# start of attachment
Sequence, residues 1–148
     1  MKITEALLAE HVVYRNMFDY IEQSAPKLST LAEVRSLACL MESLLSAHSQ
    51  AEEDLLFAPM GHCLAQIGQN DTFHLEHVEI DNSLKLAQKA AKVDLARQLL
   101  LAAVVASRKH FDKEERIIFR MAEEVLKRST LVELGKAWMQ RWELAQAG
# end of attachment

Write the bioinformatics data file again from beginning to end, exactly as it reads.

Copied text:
Sequence, residues 1–148
     1  MKITEALLAE HVVYRNMFDY IEQSAPKLST LAEVRSLACL MESLLSAHSQ
    51  AEEDLLFAPM GHCLAQIGQN DTFHLEHVEI DNSLKLAQKA AKVDLARQLL
   101  LAAVVASRKH FDKEERIIFR MAEEVLKRST LVELGKAWMQ RWELAQAG